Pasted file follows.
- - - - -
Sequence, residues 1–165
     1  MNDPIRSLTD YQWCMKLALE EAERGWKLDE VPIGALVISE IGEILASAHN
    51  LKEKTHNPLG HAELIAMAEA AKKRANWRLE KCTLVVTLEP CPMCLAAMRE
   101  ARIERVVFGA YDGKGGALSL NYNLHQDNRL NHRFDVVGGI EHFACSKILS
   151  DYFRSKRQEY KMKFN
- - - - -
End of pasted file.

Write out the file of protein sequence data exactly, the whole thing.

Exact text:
Sequence, residues 1–165
     1  MNDPIRSLTD YQWCMKLALE EAERGWKLDE VPIGALVISE IGEILASAHN
    51  LKEKTHNPLG HAELIAMAEA AKKRANWRLE KCTLVVTLEP CPMCLAAMRE
   101  ARIERVVFGA YDGKGGALSL NYNLHQDNRL NHRFDVVGGI EHFACSKILS
   151  DYFRSKRQEY KMKFN